Farm accidents are a lot more common than many people realize. Farming is just as dangerous as other occupations like construction and industrial work. However, farming related accident compensation law is very different and tends to be complex. In some cases like if the accident happened on the farm’s land, involving the employee or farmer the case is cut and dry but in other cases, it may not be so clear.
One instance of this is a chemical sprayer which by some error sprays chemicals on someone who is passing by or in the parking lot of a store. The result is a serious injury. Another accident can be a person was mowing using a bush hog somewhere in a divided highway, and he was thrown off the hog, and for some reason, the emergency system didn’t shut down the hog.
In each of the two instances seeking compensation will be a totally different ball game. In one example it was caused by faulty farm equipment, but in the other, the equipment malfunctioned outside of the farm. That’s why hiring an attorney can make things so much easier.
According to the NIOSH National Institute for Occupational Safety and Health as well as the National Safety Council out of 3.1 million people (Americans) working on farms and ranches, 1300 die every year while a whopping 120,000 are injured. It is also estimated that 100 agricultural workers end up suffering from lost working time because of an injury. Not to mention 300 youth farmers are estimated to die each year.
It is fair to say that when there is so much at stake, it is always best to seek professional help. At least you’ll be able to cover the bills and recover while not having to worry about making ends meet when the compensation kicks in.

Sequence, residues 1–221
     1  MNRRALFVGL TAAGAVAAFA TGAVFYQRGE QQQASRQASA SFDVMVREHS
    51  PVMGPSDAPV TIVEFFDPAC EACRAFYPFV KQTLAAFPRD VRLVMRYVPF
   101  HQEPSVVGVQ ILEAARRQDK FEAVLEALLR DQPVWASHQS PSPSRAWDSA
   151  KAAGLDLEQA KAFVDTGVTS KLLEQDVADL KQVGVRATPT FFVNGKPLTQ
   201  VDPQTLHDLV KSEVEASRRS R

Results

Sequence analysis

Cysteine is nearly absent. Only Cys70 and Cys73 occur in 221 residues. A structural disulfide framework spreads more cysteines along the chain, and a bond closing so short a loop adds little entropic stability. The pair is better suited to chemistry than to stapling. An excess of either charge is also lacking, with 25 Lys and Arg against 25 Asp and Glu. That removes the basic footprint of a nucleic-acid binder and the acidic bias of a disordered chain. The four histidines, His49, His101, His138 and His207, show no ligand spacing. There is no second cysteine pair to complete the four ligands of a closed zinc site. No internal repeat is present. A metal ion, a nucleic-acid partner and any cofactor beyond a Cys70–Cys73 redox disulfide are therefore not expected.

Who can apply for compensation?
What to do and how to get paid?
As mentioned earlier in this document farm accident compensation is very different from other types of workers injury compensation. The first thing worth noting is that there are only 13 states where it is required for companies to offer agricultural workers compensation. These states are:
- New Hampshire
- New Jersey
When to apply for compensation?
|Ideally, an injured farmer will want to apply for compensation as soon as possible but not later than 21 days after the accident.|
|In the event of symptoms caused by chemical exposure, it should be reported to management and compensation application should be submitted at the first sign of symptoms.|
What is important to know?
We discussed the states that require that companies have farmers compensation, but there are sixteen of which that don't for migrant or even seasonal employees. Out of these sixteen states, coverage in some may be limited to just full-time farm workers who are doing specialty jobs, working a limited number of hours, employed at large farms, etc.
Also, in many states, farms and companies employing foreign workers under America’s H-2A temporary agricultural program are required to ensure that those workers get compensation or something equivalent in benefits.
It is also important to note that there are some states where farm operators are required to carry at least compensation for injuries. But others may not. In states where it is a requirement, employers or employees may want to get a workers’ compensation insurance policy. But in places where it is not mandatory employers can use a FL 04 65 endorsement. That said companies can voluntarily provide worker’s compensation even if purchasing coverage isn’t mandatory.
Farm workers in 13 states have a right to compensation. However, even then insurers and even employers may play hardball and try not to pay injured farmers. Sometimes the farm injury is blamed on the farmer for which the company may refuse to compensate. Regardless of the reason if you find yourself in a situation where the company is denying your claim for compensation, it is time to get legal representation. Only a professional attorney can assure you of due compensation regardless of the circumstances.